I apologised to E and J for having cut them out of my life and ignoring them. They assured me that this did not matter, and told me that they understood the hold SCC had on me. “They held you captive,” E told me, “but you’re safe now. We’re so glad to have you back.” And so, with their encouragement, I began, slowly, but surely, to rebuild my life, starting with returning to the local interdenominational prayer and praise group and going on from there.
One place I couldn’t return to, however, was SHC, though my friends there really hoped I would. SHC, like SCC, was a house church, and I feared that, beneath the surface, I would find the same abusive practices as those at SCC. Deep down, I knew this was irrational, as SHC was a loving and supportive church with sound teaching, and that always was so. I did, though, begin to see my friends from SHC again; we visited each other and socialised together.
Instead, I went with E & J to St. S, the Anglican church at the bottom of our road. It was solid, staid and traditional, but I was warmly welcomed, finding there a love and acceptance I had never found at SCC. No questions were asked or demands made of me. I felt safe, and being there helped with the healing of my wounds. E was a lay reader there, and preached quite often. I was glad of this as he always preached well, unlike the vicar there at the time who seemed to me as dull as his sermons! My abiding memory of this vicar was his coming out to join us for tea in the foyer after the morning service and lighting up a cigarette, of which he then proceeded to smoke several. He also used to like propping up the bar of the rather seedy local pub! I somehow doubt he was born again.
A short time after this, I went to the city centre with T, my unsaved friend from school. T and I were walking down the road opposite the cathedral when I saw A, a close friend from SCC, walking towards us. He hadn’t seen me. Breaking away from T, I ran towards him, calling his name. A looked up and saw me. The next thing I knew, he had ran across the road, bringing the traffic screeching to a halt as drivers slammed on their brakes to avoid him. They shouted and swore; taking advantage while the traffic was at a standstill, I flew across the road in pursuit of him. I soon caught him up, because, no disrespect intended, he was rather rotund and not very fast on his feet. Barring his way, I stood in front of him.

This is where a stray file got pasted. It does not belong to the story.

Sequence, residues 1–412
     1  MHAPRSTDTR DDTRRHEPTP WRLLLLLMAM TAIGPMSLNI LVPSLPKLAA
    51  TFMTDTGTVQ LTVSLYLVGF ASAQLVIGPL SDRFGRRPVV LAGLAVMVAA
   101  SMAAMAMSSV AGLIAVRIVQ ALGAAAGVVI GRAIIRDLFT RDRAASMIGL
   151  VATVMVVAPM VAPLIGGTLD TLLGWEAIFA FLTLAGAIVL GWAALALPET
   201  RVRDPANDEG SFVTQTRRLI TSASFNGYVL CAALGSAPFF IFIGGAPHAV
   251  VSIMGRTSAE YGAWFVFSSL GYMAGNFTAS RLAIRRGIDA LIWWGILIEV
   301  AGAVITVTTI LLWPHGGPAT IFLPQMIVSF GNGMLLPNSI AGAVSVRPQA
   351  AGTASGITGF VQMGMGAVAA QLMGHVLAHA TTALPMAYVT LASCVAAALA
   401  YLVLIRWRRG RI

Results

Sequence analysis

“A,” I said. “Why are you ignoring me? What have I done?”
“You’re dead to me!” A retorted. “Dead! I don’t want anything to do with you! Go away!” Turning on his heel, he walked off.
T, having witnessed this whole incident, came over to me. “We’re going home!” she told me, and leading me back across the road, we got on a bus.
Arriving at T’s home, she sat me down in her cosy living kitchen and made tea. Just as she was pouring it out, L, T’s much older half brother came in. After having poured him a mug of tea, T told L what had happened. L was incensed.
“And they call themselves Christians!” he declared angrily. “That’s not a church; it’s a cult!”
Having spent the afternoon with them, and being much reassured and comforted, I went home, picking up my daughter from school on the way.
The next day, though, I woke in a distressed and bewildered state. Somehow I managed to make breakfast, and take my daughter to school. Having seen her go through the school gates, I stood there in a quandary, an overwhelming despair sweeping over me. It was at that point I decided to go and visit my GP, a kindly and avuncular Indian gentleman who always had time to listen to his patients.
I set off down the road in the direction of his surgery, walking in a daze. I had only gone a few hundred yards when someone stood in front of me, grabbing my shoulders, and stopping me in my tracks. Looking up, I saw that it was none other than R, the unsaved brother of L, a friend who went to SHC.
R was a good friend too, a thoughtful and engaging Anglo-Indian. In the days before SCC, he would often come round to my flat and make a delicious curry for myself and my friends.
I realised he was looking at me in some alarm. He asked me where I was going, and I told him, to my GP.
“Sally,” he said to me, “I’m not telling you not to go to your GP, but before you do, will you come back with me to L’s? She’d love to see you. Please come!” I nodded my agreement. With that, R took me by the arm and we walked the short distance to L’s.
L was in the kitchen, stirring a pot of delicious smelling curry on the stove when R and I walked in. Seeing me, she let out a whoop of delight and ran over to greet me. Then, leading me to the lounge, she sat me down on a large and comfortable settee and made tea. She and R sat each side of me and bade me to tell them my story. I did so, tears flooding down my face. L held me as I wept.
“Sally,” she told me, ” You need help. And you need that help now.”
I thought by help, she meant H’s psychiatric clinic, but L was quick to correct me. “Not that sort of help,” she told me. “Christian help. You need prayer and counselling.” I nodded in agreement.
L then asked me if she could ring N and M, two Godly women who attended SHC and were much used of the Lord in ministering emotional healing; both were also Biblical counselors known for their love, wisdom, insight and compassion. L rang and spoke to N, who said I should come to her house immediately. She and M would be waiting for me, she told L.
L asked R to take me round to L’s, and later, to collect my daughter from school and bring her to L’s for tea with L and her three daughters. R said he’d be happy to do so. He took me to N’s, and, after having spoken to N, agreed to come back and pick me up some time later.